Besides Prototheria, the Metatheria are the most primitive mammals. They are identified by a stomach pouch the marsupium where they rear their young. The young when born are immature and are brought by the mother in the marsupium till they develop to their optimum.

Throughout this period, they are fed on the milk produced by the milk glands of the mother, the nipples of which remain in the marsupium. For this reason, these animals are likewise called marsupials or pouched mammals, e.g., Opossum, Kangaroo, and Tasmanian wolf found in Australia and America.


3.Sub-Class Eutheria

This sub-class includes placental mammals. In the body of the mother development of the young is maximum and the young, when born, are fully developed. In these mammals throughout development, a structure called the placenta is formed through which the fetus is nurtured. Likewise, the placenta has an endocrine function i.e., it produces certain hormonal agents, for this reason, these mammals are also called placental mammals. Placental mammals have maximum mammalian characters but in some, the hair has become modified into scales (pangolin) and spines (porcupine).



Principal Orders of Placental Mammals

Some of the principal orders of placental mammals are briefly explained here:

(1) Insectivora (L. insectum- insect, vorare- to consume)

They eat insects. Testes are abdominal. The water shrew is the tiniest mammal which is as big as a human thumb e.g., shrews, moles, and hedgehogs.

(2) Dermoptera (Gr. derm- skin, pteron- wing)

A hairy skin fold called patagium extends like a parachute from neck to tail for sliding, e.g., flying lemurs. Actually, flying lemurs are neither real lemurs nor do they fly.

(3) Chiroptera (Gk. Cheiros- hand pteron- wing)

They are flying mammals. The forelimbs are modified into wings, e.g., bats and flying foxes.


(4) Edentata (L edentatus- toothless)

They are toothless. This order consists of the armadillos and sloths of South America.


(5) Primates (L. primus- of the first rank)

Primates have a highly developed brain. The living primates include prosimians (significance prior to monkeys) and simians. The prosimians consist of lemurs, lorises, and tarsiers the simians include monkeys, apes, and humans.


(6) Rodentia (L. rodo- gnaw)

They have one set of sharp chisel-like incisors in each jaw. The canines are missing, leaving a toothless area, the diastema in the jaw no canines, e.g., rats, mice, squirrels, guinea-pigs, and porcupines.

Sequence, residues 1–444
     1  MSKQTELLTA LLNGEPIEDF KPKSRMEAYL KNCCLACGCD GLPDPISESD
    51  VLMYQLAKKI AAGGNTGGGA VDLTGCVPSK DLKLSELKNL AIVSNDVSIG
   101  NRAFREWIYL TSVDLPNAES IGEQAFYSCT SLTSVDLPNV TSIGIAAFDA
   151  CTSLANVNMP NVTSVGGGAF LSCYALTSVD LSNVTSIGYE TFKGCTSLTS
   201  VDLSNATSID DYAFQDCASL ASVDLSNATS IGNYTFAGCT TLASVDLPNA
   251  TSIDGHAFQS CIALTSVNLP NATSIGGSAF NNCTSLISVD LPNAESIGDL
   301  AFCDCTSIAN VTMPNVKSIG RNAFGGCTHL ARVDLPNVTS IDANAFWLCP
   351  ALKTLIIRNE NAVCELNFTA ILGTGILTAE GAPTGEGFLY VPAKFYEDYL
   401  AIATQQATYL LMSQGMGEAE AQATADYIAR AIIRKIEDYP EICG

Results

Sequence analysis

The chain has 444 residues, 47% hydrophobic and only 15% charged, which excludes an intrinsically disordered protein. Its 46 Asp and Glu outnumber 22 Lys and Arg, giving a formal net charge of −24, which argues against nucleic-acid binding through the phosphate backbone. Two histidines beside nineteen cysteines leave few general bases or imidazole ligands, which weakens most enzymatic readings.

(7) Cetacea (L. cetus- whale)

They have a fish-like body, well adapted for marine life. They have fin-like forelimbs, however no hind limbs. Testes are abdominal. The skin has a thick layer of fat called blubber working as reserve food, an insulator for reducing the particular gravity. Pinnae are reduced or absent. Hair is just on lips. They do not have sweat and oil glands, e.g., whales, dolphins, and porpoises. The blue whale is the biggest living animal. Whales typically do not have pelvic girdle and hind limbs.

The Green land whales, however, possess vestiges of pelvic girdles and bones of hind limbs inside the body.

(8) Carnivora (L. Caro- flesh, vorare- to eat)

They are flesh consuming mammals. These animals have sharply pointed canines, strong jaws, and well-established claws, e.g., dogs, cat, wolf, jackal, fox, cheetah, lion, tiger, hyaena, mongoose, bear, panda, otter, seal, walrus, sea lion.

Multiple Choice Questions (MCQs) – Class Mammalia – Mammals

  1. What is the term “mammal” derived from?
    • a) Mammalia
    • b) Mammary glands
    • c) Mammal-like reptiles
    • d) Linnaeus
  2. What distinguishes mammals from other vertebrates in terms of brain development?
    • a) Larger kidneys
    • b) Highly developed brain
    • c) Longer tails
    • d) Enhanced sense of smell
  3. Which sub-class of mammals lays eggs?
    • a) Eutheria
    • b) Prototheria
    • c) Metatheria
    • d) Amphibia
  4. What is the main characteristic of the Sub-Class Eutheria?
    • a) Pouched mammals
    • b) Egg-laying mammals
    • c) Placental mammals
    • d) Mammal-like reptiles